EXPOSED! The shocking truth about private equity
As the supercharged returns of the boom years evaporate, investors are starting to ask tough questions about how – and if – private equity really works. Louise Bowman reports.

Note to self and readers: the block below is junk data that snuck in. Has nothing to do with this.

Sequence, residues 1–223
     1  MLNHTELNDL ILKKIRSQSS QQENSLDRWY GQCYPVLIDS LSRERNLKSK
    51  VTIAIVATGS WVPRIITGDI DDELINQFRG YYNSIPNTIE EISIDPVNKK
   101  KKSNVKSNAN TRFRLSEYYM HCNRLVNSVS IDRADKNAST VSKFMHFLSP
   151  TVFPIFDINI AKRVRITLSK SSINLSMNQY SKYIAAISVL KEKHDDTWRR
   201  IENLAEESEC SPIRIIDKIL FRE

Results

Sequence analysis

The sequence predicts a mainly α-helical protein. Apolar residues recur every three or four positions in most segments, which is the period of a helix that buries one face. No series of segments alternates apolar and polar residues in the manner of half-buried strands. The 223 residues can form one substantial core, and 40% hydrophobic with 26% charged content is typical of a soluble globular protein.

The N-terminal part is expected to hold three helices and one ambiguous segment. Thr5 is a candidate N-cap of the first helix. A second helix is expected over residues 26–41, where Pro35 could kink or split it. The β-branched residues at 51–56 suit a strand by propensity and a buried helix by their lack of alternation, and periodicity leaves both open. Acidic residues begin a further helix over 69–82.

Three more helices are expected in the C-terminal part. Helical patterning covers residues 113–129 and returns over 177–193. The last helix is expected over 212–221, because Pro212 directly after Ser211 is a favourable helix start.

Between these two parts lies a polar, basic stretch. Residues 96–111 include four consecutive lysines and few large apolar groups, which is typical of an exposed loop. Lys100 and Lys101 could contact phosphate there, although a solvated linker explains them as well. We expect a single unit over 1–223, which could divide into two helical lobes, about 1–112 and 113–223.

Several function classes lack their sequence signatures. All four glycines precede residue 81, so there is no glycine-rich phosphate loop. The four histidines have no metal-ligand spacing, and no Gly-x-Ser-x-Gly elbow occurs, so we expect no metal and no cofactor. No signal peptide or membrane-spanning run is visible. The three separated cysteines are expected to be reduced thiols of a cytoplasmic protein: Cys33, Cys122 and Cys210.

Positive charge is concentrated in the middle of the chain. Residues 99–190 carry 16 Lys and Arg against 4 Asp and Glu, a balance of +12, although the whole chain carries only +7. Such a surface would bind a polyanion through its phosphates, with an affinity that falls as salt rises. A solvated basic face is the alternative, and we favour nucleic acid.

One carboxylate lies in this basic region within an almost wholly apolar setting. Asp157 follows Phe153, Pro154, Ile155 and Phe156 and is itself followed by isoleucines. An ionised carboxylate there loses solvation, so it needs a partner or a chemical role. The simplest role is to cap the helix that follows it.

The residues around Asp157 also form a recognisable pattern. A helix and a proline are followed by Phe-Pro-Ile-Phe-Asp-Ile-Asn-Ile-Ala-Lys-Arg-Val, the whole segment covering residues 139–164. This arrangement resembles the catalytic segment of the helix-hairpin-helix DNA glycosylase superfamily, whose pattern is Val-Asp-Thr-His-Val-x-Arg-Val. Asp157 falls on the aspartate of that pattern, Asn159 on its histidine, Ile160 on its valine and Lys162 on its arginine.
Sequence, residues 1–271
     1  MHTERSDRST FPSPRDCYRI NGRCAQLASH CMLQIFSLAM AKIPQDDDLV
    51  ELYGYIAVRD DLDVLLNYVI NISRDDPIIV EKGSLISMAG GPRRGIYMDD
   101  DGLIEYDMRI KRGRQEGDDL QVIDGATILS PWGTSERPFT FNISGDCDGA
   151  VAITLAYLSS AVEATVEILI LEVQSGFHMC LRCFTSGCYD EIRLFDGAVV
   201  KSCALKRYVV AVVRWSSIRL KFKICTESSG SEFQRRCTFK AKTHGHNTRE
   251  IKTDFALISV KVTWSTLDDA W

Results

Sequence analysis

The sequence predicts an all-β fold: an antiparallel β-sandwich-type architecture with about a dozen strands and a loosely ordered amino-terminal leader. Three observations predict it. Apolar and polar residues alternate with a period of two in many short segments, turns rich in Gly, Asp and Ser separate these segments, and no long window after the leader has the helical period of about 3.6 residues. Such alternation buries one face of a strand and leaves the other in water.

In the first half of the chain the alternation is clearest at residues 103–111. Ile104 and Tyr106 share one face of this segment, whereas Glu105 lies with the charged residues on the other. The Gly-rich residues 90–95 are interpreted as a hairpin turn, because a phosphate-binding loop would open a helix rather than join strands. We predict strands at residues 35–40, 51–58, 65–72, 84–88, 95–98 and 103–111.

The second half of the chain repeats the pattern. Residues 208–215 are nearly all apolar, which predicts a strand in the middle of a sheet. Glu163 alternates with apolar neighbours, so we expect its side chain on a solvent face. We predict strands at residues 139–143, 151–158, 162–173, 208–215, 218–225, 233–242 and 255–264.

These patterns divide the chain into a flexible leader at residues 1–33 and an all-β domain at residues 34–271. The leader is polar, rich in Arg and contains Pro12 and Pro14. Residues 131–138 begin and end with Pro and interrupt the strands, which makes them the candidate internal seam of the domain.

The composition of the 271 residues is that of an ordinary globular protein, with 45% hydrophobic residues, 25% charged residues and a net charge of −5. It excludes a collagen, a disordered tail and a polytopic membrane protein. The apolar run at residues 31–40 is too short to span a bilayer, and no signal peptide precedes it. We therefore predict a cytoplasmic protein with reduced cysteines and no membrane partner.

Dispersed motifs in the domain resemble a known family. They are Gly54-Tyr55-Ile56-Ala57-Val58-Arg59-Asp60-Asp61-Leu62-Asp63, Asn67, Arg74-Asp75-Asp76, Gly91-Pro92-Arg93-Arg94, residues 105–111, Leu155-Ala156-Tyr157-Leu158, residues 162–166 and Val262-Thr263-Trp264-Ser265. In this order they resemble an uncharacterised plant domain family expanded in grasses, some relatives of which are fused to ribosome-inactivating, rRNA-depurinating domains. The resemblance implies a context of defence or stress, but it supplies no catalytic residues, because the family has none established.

RETICENCE IS NOT an attribute widely valued among the financial elite. But it was a characteristic surprisingly prevalent among several private equity firms when Euromoney approached them over the summer to talk about their business. There seems to be something of a siege mentality in the industry these days – the product of far from complimentary press coverage of some of private equity’s less than stellar investment decisions – as well as observations from some quarters that "of all the asset classes that went parabolic from 2004 to 2008 private equity funds may have done the best Icarus impression". The excesses of the boom years have certainly removed the veneer of infallibility from the buyout industry and produced a legion of disgruntled investors that have seen some of their fail-safe investments turn to dust. But make no mistake; some people are still making an awful lot of money from this business. Industry leader KKR reported net income of $143.7 million for the first half of this year and Blackstone chief Steven Schwarzman, despite his firm recording a second-quarter loss up from $164.3